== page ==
Cleat Geeks

The Panther Post: The Curious Case of Ted Ginn, Jr.

TedGinnOhioStateTed Ginn, Jr. declared his eligibility for the 2007 NFL draft after his junior season at The Ohio State University which culminated in All Big Ten honors for the speedy wideout and return man.  Ginn’s collegiate numbers were gaudy to say the least:  135 receptions for 1,943 yards and 15 TD’s; 28 rushes for 213 yards and 3 TD’s; and 102 total punt and kickoff returns with 8 more touchdowns.  After he reportedly ran a sub-4.3 second 40-yard dash in private workouts, it became almost a certainty that Ginn would somehow make his way into the latter portion of the first round of the NFL draft.  As the scouts say, “you can’t teach speed”.

TedGinnDolphinsThe Miami Dolphins came into the 2007 NFL draft in desperate need of a quarterback. The 2006 signing of Daunte Culpepper over Drew Brees had proven to be a disastrous mistake.  The Dolphins limped to a 6-10 record with Culpepper and Joey Harrington leading the team.  New blood was in order.  So, with the 9th overall pick and Notre Dame quarterback Brady Quinn still on the board, almost everyone at Radio City Music Hall assumed the Dolphins would announce Quinn as the pick.  I sat in the second level at Radio City during that draft.  It’s the only draft I have attended live, but I can’t imagine the boos being any louder from unhappy Jets fans than they were from irate Dolphins fans when the pick was announced as Ohio Sate Wide Receiver Tedd Ginn, Jr.  Even Ginn admitted later to being shocked that the Dolphins didn’t take Quinn.  The siren lure of the speed that Ginn could bring to the field was too much for the Dolphins to pass up.  It would prove to be a mistake.

Ginn played three seasons for the Dolphins and managed to average almost 43 catches and and a little over 550 yards per season.  He scored 5 receiving touchdowns and also scored 3 touchdowns on returns, including the magical day of November 1, 2009 when he returned two Jets kickoffs for touchdowns.  Five months later, after a 19-win, 30-loss tenure with the Dolphins, Ginn was traded to the San Francisco 49ers for a 5th round pick in the 2010 NFL draft.

While his time with the 49ers did include a trip to Super Bowl XLVII, a 34-31 loss to the Ravens, his only role was as a kickoff and punt return specialist. His name does not appear in the offensive box score of the Super Bowl. His three years in San Francisco produced just 33 catches and 1 touchdown on offense.  He managed 3 more touchdowns as a returner.  By the time he became a free agent in 2013, most viewed Ginn as nothing more than a return man who never quite had the talent and hands to become an every down NFL wide receiver.  Enter the Carolina Panthers.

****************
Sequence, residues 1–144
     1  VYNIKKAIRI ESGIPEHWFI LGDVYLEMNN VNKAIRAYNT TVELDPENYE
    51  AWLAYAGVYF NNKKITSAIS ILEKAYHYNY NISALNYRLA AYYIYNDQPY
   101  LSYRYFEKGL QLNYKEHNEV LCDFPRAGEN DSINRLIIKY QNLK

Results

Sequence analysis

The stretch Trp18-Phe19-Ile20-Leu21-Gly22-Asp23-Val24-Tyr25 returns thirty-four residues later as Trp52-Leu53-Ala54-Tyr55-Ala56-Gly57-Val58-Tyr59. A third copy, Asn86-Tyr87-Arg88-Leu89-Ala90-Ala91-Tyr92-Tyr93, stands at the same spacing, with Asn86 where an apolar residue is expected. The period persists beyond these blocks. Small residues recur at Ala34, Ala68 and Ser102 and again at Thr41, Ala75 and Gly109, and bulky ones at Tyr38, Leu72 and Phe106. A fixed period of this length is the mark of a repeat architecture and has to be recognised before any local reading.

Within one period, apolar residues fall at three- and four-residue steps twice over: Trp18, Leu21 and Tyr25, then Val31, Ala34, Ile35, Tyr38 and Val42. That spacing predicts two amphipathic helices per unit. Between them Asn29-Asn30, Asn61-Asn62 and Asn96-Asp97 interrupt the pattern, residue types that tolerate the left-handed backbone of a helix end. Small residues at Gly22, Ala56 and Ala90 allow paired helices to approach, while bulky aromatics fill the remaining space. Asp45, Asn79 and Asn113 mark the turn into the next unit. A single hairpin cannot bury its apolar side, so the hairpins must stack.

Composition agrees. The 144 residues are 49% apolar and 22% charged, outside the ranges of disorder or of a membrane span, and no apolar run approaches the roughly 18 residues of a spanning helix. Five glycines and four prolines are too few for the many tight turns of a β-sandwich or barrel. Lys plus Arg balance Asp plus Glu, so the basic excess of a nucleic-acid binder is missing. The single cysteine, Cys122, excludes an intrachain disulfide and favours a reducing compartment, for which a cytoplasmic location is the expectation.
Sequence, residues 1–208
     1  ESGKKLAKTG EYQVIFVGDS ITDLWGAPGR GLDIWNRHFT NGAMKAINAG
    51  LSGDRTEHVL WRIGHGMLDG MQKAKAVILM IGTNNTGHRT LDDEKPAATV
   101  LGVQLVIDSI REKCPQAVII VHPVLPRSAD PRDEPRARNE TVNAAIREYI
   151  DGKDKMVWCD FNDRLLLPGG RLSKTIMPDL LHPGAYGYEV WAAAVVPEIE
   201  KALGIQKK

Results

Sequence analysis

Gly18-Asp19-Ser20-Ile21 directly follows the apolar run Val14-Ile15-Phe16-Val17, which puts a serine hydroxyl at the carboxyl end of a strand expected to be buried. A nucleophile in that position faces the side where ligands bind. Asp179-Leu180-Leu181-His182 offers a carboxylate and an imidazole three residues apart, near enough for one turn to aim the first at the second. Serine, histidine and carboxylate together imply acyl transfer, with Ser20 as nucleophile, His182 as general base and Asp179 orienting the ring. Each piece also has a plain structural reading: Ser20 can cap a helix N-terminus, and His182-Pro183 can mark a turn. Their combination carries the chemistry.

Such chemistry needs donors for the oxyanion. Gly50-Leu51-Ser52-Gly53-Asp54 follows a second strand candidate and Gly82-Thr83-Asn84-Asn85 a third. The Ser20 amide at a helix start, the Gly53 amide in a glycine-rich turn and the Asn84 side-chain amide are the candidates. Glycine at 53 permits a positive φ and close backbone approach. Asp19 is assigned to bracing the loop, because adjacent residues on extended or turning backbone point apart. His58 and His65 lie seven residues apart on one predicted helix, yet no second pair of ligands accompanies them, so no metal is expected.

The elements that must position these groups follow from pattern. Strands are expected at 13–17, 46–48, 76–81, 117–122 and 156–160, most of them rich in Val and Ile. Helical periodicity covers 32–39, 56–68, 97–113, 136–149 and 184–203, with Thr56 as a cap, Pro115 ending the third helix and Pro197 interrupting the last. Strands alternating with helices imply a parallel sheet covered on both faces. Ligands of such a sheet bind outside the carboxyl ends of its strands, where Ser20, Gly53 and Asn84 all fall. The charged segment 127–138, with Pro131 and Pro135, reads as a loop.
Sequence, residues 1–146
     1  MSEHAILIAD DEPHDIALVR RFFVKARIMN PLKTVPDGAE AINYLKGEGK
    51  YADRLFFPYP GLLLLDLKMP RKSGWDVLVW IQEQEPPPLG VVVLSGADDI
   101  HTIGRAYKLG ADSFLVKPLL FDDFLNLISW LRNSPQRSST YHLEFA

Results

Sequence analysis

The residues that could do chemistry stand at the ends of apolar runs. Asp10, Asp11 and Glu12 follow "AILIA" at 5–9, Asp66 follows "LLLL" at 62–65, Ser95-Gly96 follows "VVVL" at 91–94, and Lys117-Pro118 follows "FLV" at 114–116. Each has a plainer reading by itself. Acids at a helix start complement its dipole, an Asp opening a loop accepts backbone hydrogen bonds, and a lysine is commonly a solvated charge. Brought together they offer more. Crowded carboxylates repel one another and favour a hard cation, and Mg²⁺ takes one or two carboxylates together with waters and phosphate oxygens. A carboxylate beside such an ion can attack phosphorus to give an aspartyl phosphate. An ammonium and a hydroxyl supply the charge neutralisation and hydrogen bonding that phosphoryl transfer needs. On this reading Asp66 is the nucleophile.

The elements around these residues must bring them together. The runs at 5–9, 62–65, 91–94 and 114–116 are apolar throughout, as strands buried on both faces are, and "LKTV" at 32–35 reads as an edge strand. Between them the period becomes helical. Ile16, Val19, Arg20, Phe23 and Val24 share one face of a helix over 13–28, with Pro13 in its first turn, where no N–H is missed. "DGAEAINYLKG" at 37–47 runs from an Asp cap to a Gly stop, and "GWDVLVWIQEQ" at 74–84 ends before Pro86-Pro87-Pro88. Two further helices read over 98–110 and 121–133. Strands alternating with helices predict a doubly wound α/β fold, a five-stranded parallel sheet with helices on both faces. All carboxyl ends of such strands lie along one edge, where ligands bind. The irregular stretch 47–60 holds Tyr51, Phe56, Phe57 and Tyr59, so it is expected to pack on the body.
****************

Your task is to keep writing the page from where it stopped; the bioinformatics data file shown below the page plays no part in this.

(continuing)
One of the first signings of the Dave Gettleman era, Ginn’s signing by the Panthers was viewed by most of the fan base as nothing more than an attempt to bolster an anemic special teams unit.  However, he proved to be almost as valuable as a wide receiver as the Panthers shocked most prognosticators, finishing 12-4 before a 23-10 loss to the 49ers in the Divisional round of the playoffs.  Despite a receiving corps that included Steve Smith and Brandon Lafell (not to mention TE Greg Olsen), Ginn managed to catch 36 passes for 556 yards and 5 touchdowns.  More than he had accomplished in his three year run in San Francisco combined.  It appeared the Panthers had found a diamond in the rough.  Unfortunately, Ginn was only signed to a one-year deal.  When you finish 12-4 and win a division title, your players inevitably become targets when free agency rolls around.  Such was the case with Ginn, who signed a three year deal with the Arizona Cardinals.  GM Dave Gettleman was strapped in his early days by the salary cap problems left from the Marty Hurney era, so Carolina had no choice but to let him go to the desert.  It lasted 11 months.TedGinnArizona

The highlight of Ginn’s stay in Arizona was a 71-yard punt return for a touchdown in only his second game with club.  That was about it.  Ginn caught 14 passes for 190 yards and no touchdowns on the season.  The week two return was his only score of the season.  Ginn was released by the Cardinals on February 23, 2015, and signed by the Panthers on March 9, 2015.  His break up with the Panthers lasted a mere 361 days.

The Panthers reunited with Ginn with the hopes that he would again bolster the return units, but also act as a third or fourth option at wide receiver while rookie Devin Funchess learned the ropes and 2014 rookie phenom Kelvin Benjamin continued to progress.  Jerricho Cotchery was viewed as the older statesman and veteran presence, while Philly Brown continued his development after a surprising 2014 season as a rookie free agent.  But a funny thing happened along the way…TedGinnCarolina

Kelvin Benjamin tore his ACL early in training camp.  Devin Funchess has not proven to be ready as a rookie.  Jerricho Cotchery has missed two games with a high ankle sprain, and Philly Brown has not shown any of the flashes of potential that were there as a rookie.  Suddenly, a kick-returning draft-bust that nobody else seems to trust as an every down wide receiver has become the #1 option for Cam Newton and the 4-0 Carolina Panthers.  Ted Ginn’s stat line through four games: 12 catches, 206 yards, 3 touchdowns.  It’s not a stretch to say the Panthers may not be 4-0 without him. But here is the stat that really tells it all: In 20 career games as a Carolina Panther, Ginn now has eight touchdown receptions.  In 104 career games with everybody else, he has six.

Panther fans are glad you found your way home Mr. Ginn.  This time, you might want to stay a while.

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